In summary, we fail to find strong evidence supporting a role for more restrictive NPIs in the control of COVID in early 2020. We do not question the role of all public health interventions, or of coordinated communications about the epidemic, but we fail to find an additional benefit of stay-at-home orders and business closures. The data cannot fully exclude the possibility of some benefits. However, even if they exist, these benefits may not match the numerous harms of these aggressive measures. More targeted public health interventions that more effectively reduce transmissions may be important for future epidemic control without the harms of highly restrictive measures


    https://onlinelibrary.wiley.com/doi/...1111/eci.13484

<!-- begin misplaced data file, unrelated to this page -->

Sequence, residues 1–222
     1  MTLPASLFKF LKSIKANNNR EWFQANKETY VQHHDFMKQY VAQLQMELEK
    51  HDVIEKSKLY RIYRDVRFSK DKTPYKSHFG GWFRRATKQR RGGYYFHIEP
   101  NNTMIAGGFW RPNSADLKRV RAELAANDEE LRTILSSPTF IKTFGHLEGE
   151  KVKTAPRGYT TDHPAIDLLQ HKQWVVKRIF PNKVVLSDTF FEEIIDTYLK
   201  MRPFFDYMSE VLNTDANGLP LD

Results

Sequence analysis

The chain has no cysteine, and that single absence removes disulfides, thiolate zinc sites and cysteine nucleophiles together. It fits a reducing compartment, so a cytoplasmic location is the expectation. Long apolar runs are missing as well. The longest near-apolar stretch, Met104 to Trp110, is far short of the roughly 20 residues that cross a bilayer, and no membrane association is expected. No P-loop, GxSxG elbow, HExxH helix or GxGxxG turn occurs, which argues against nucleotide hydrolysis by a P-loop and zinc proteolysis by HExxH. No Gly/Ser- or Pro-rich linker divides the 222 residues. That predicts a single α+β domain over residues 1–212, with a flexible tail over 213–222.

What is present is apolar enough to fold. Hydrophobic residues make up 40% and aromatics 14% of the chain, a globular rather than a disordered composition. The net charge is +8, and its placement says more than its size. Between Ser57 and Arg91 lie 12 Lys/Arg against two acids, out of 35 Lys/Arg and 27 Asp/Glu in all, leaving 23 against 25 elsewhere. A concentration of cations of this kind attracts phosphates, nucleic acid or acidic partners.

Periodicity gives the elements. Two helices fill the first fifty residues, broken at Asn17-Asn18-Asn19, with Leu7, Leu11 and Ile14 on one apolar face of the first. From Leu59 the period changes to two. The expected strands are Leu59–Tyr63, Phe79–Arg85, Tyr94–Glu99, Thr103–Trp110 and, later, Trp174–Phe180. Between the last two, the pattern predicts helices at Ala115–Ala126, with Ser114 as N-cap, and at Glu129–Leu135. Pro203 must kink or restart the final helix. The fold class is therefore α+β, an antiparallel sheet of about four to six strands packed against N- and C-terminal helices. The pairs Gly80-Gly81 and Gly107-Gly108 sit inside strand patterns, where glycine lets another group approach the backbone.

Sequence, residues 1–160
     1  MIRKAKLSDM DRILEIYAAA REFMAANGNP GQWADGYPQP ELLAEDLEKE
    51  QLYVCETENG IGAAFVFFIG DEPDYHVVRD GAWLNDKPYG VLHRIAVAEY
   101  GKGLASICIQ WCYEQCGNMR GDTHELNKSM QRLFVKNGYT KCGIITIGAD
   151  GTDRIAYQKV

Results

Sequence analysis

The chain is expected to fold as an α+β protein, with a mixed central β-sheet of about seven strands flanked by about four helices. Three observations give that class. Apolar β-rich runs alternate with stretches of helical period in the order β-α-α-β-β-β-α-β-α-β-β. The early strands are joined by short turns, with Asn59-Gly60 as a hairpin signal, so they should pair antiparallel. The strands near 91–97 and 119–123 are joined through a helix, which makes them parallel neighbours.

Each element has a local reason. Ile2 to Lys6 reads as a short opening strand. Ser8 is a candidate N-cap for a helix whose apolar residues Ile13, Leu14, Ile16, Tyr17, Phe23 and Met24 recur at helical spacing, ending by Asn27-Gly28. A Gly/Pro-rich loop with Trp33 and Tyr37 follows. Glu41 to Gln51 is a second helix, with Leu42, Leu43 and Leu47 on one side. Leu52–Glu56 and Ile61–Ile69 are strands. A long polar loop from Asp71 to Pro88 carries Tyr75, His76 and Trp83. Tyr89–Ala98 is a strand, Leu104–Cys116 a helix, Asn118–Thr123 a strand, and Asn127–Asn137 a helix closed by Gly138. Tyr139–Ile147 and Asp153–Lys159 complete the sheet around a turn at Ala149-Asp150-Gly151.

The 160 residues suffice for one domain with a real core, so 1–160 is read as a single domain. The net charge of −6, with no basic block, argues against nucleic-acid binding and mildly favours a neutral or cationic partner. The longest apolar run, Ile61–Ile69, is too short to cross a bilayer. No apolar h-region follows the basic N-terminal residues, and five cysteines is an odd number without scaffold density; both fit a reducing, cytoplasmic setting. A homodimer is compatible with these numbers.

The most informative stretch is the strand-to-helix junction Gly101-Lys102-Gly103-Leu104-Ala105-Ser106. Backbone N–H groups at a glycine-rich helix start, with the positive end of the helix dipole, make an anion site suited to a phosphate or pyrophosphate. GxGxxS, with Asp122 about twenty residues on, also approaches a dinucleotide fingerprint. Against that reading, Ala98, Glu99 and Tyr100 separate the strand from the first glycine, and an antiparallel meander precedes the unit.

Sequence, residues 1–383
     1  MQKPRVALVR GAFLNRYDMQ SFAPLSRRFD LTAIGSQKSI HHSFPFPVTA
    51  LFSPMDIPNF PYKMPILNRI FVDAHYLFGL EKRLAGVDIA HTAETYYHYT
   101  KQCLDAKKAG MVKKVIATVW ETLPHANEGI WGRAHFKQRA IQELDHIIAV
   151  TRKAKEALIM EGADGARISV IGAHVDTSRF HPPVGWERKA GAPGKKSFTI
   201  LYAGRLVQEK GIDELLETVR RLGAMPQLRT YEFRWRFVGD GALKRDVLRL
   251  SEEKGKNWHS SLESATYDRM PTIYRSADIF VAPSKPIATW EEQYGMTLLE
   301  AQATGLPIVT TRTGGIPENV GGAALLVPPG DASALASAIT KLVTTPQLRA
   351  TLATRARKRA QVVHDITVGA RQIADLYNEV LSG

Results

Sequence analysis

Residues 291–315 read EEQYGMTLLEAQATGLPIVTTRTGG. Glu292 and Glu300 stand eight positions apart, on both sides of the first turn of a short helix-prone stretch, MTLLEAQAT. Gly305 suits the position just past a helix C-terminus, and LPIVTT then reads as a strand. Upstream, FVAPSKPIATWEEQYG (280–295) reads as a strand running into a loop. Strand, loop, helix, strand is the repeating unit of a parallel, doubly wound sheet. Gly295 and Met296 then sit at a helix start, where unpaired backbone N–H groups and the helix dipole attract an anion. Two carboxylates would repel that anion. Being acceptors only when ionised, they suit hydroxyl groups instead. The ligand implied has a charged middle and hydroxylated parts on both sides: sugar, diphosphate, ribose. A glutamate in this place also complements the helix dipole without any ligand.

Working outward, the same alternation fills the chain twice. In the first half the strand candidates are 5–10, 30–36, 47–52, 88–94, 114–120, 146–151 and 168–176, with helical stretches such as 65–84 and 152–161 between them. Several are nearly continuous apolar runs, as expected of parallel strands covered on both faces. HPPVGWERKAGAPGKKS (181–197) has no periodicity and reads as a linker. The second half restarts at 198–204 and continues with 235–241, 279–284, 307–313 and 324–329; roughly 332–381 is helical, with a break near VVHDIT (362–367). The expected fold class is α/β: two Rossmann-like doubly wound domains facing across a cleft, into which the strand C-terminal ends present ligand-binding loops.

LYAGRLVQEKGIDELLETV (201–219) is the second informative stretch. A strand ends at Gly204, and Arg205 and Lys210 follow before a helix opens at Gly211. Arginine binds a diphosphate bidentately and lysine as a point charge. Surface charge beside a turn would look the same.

19. #2579
    Aexodus's Avatar Persuasion>Coercion
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    Default Re: Coronavirus outbreak - From China to the World.

    Legion can you unpack that?
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  20. #2580
    Legio_Italica's Avatar Lost in Limbo
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    Default Re: Coronavirus outbreak - From China to the World.

    Quote Originally Posted by Aexodus View Post
    Legion can you unpack that?
    Yeah the bolded parts should suffice. These are a sampling from prior citations confirming my point:
    Quote Originally Posted by Legio_Italica View Post
    As time goes on, and costs of lockdowns reverberate, the evidence continues to mount that these costs, medically and economically, outweigh the limited benefits. It would be bad enough as a costly lesson, but this has been known for years.